sea snake
Claire Goiran

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Dark skin lets sea snakes slough off pollution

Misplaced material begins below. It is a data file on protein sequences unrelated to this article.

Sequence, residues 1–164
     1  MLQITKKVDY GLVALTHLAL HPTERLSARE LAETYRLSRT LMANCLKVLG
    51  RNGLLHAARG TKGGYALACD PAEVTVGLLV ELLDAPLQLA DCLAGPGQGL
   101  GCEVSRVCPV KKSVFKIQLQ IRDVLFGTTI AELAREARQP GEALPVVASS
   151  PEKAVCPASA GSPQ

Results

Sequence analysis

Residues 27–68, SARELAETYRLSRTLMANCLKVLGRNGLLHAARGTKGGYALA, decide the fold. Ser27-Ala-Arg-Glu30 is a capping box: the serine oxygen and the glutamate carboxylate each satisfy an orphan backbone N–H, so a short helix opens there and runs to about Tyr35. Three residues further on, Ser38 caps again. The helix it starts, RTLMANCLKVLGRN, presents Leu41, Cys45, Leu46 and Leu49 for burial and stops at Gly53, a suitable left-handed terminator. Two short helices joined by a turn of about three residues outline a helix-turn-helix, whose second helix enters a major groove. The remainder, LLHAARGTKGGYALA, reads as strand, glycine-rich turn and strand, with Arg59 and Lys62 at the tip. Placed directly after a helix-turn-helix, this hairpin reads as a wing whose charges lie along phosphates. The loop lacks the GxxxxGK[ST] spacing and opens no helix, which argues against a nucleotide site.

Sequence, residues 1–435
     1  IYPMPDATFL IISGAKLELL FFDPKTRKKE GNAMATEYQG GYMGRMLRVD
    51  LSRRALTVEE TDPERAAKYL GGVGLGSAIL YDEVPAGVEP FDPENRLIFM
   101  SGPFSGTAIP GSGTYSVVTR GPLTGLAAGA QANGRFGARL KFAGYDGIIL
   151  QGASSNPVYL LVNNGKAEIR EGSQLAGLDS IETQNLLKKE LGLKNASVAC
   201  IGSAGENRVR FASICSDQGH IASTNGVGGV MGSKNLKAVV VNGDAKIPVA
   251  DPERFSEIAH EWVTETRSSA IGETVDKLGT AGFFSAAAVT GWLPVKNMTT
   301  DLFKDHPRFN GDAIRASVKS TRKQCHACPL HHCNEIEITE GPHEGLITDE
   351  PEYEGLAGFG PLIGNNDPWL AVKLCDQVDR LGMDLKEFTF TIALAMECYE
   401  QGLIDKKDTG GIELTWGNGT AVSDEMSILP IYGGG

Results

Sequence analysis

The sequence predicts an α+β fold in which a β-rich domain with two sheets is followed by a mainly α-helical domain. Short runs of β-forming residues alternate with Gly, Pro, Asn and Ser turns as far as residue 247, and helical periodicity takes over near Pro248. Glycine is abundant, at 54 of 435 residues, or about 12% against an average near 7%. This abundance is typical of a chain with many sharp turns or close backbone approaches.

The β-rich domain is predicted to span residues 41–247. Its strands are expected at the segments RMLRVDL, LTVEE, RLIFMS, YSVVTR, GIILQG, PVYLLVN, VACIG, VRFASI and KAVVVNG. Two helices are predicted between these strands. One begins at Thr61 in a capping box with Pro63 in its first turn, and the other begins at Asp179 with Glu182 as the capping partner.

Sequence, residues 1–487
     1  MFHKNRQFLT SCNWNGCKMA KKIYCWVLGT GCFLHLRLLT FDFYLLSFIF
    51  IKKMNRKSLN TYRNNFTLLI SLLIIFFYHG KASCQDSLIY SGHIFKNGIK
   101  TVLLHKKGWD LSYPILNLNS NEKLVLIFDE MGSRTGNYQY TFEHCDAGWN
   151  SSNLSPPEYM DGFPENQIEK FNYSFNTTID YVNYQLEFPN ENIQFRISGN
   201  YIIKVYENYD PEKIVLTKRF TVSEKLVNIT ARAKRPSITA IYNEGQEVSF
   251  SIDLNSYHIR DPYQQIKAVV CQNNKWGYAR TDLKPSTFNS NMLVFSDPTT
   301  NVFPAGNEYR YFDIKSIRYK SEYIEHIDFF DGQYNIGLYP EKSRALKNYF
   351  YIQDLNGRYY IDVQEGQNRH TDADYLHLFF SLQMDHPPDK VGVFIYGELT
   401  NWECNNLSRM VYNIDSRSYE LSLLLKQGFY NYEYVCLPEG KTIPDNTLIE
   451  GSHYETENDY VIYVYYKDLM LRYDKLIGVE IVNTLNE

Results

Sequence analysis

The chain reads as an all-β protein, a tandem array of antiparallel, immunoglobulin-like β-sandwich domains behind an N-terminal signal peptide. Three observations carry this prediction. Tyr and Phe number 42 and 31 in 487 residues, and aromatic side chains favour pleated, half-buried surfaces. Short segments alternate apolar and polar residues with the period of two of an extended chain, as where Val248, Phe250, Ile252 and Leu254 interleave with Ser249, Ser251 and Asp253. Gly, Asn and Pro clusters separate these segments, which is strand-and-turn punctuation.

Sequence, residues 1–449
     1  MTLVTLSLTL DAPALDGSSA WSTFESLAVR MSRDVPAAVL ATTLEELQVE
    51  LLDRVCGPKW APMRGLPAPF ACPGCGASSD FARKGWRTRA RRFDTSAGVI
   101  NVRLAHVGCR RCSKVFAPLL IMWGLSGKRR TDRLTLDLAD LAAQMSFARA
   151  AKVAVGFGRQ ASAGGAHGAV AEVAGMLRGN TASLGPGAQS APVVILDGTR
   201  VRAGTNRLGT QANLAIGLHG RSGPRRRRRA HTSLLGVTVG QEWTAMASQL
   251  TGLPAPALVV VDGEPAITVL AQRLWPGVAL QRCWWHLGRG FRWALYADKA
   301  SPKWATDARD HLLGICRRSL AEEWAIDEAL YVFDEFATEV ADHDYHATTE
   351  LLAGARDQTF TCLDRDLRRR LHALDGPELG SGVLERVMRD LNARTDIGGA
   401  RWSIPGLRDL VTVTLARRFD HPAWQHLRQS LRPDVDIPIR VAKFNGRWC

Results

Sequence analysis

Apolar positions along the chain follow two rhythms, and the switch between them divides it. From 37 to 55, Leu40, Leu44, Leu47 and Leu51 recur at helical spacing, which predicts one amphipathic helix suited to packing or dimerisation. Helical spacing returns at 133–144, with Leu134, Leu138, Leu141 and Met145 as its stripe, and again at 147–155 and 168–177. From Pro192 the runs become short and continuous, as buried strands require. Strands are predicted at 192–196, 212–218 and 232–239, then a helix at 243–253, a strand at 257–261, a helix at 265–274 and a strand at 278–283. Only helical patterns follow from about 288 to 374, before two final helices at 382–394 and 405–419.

In the industrial United Kingdom, dark-colored peppered moths (Biston betularia) famously flourished, as they were better camouflaged against the soot-coated trees than their lighter counterparts. But a new study shows another reason why species might darken in response to pollution: not to blend in, but to detox. Animals living in polluted areas can pick up toxic metals like lead and zinc from their diet. But these toxins bind to melanin, a pigment that many animals produce to create brown and black colors. So in theory, a dark-colored animal could use melanin to sequester these toxins, and even slough them off with its skin. Researchers tested this idea in turtle-headed sea snakes (Emydocephalus annulatus, pictured), in which some individuals are striped, and others are jet-black. Sure enough, when studying museum specimens and surveying areas in the South Pacific, reefs near cities and other polluted sites had far more black snakes: On average, four out of five snakes in these sites were black, compared with fewer than one in seven in pristine reefs, the team reports today in Current Biology. And the discarded skins of urban sea snakes—particularly the dark colored bands—were chock-full of heavy metals, further supporting the idea that dark snakes might shed pollutants along with their skin. Dark-colored pigeons (Columba livia) appear to get a similar advantage in cities, so this process may be widespread: One more for the list of ways in which animal species have rapidly evolved to cope with humanity.